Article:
Researchers at Harvard Medical School looked at the diets of women when they were aged three to five, using information from their mothers who were asked how often their daughters ate or drank various products.
"These data suggest a possible association between diet before puberty and the subsequent risk of breast cancer," report the researchers in the August issue of International Journal of Cancer.
The scientists said that while eating potatoes themselves was not associated with increased risk, the preparation of chips - frying in fat high in saturated fats and trans-fatty acids - may be of relevance.
By contrast, the study found that regular consumption of whole fat milk each day was linked to a small decrease in breast cancer risk.
The risk of getting breast cancer by the age of 60 is about one in 25. Dr. Karin Michels and colleagues estimated that eating chips just once a week before the age of five would raise that to about one in 20 - an increase in risk of 27 per cent.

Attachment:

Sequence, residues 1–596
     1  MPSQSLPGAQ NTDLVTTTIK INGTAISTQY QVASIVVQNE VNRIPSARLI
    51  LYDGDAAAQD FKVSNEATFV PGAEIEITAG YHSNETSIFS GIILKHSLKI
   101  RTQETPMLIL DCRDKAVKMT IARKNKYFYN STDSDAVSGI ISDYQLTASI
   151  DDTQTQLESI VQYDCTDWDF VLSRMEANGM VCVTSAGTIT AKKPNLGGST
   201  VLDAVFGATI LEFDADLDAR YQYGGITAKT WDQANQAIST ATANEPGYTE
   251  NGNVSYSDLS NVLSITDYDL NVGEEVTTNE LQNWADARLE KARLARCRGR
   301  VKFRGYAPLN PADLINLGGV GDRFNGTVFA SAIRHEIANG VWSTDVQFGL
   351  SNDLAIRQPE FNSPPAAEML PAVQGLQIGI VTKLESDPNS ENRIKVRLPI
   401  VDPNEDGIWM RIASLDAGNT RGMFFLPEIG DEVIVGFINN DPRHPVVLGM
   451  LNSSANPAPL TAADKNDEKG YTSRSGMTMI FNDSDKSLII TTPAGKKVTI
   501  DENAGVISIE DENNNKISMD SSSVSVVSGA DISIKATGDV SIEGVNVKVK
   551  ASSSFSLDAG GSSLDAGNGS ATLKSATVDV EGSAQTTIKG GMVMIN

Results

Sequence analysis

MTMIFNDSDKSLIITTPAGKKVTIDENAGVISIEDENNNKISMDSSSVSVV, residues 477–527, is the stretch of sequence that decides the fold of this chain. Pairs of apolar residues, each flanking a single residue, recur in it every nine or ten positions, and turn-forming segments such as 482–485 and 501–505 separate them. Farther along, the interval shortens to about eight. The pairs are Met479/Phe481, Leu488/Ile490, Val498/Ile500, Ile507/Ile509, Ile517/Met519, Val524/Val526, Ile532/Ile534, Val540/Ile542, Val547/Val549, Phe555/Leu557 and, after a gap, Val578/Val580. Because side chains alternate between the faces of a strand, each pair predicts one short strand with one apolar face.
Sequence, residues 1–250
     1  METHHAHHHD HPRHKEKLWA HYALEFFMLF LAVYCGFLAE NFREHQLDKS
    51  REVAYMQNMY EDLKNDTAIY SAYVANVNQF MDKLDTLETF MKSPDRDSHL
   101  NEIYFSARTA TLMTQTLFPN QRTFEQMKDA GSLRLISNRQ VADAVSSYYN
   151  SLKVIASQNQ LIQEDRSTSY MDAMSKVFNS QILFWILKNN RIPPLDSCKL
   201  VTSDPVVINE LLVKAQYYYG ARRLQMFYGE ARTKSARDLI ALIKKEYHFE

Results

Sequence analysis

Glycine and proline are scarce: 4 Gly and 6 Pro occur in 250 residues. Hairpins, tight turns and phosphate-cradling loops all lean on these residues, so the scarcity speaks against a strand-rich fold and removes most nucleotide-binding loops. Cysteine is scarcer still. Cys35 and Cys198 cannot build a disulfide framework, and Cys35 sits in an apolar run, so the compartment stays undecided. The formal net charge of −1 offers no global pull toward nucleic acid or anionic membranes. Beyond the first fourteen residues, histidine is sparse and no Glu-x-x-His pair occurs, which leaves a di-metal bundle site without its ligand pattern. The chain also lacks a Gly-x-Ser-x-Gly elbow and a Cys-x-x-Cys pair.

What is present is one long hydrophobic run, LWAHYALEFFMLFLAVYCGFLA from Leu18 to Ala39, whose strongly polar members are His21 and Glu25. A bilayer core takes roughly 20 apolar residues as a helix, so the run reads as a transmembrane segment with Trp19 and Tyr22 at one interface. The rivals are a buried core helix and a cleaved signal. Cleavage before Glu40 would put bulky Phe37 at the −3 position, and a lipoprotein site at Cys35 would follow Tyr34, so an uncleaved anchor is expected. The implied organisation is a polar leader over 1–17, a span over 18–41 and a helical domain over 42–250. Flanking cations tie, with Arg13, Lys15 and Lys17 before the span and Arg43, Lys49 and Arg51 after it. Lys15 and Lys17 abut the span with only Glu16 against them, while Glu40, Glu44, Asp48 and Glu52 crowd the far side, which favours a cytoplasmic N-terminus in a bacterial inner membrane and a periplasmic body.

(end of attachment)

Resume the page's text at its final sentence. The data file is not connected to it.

However they do warn that "differential recall of preschool diet means their data (30-item food-frequency questionnaire) should be interpreted with caution - the information was dependent on the mother's ability to recall her daughter's diet some 30 or 40 years ago.
In total, the researchers analysed data from 582 women with breast cancer and 1,569 women without the disease in 1993, all who were part of the larger, long running Nurses' Health Studies.
The US has one of the highest incidences of breast cancer in the world, where it accounted for 41,250 deaths in 2002. The American Cancer Society estimates that in 2005 approximately 211,240 women will be diagnosed with the disease.
In Asian countries such as Japan, where the typical diet contains much less fat and more fresh, high-fiber foods, breast cancer rates are much lower.
The researchers warned that further studies are required to evaluate further the link between pre-school diet and breast cancer.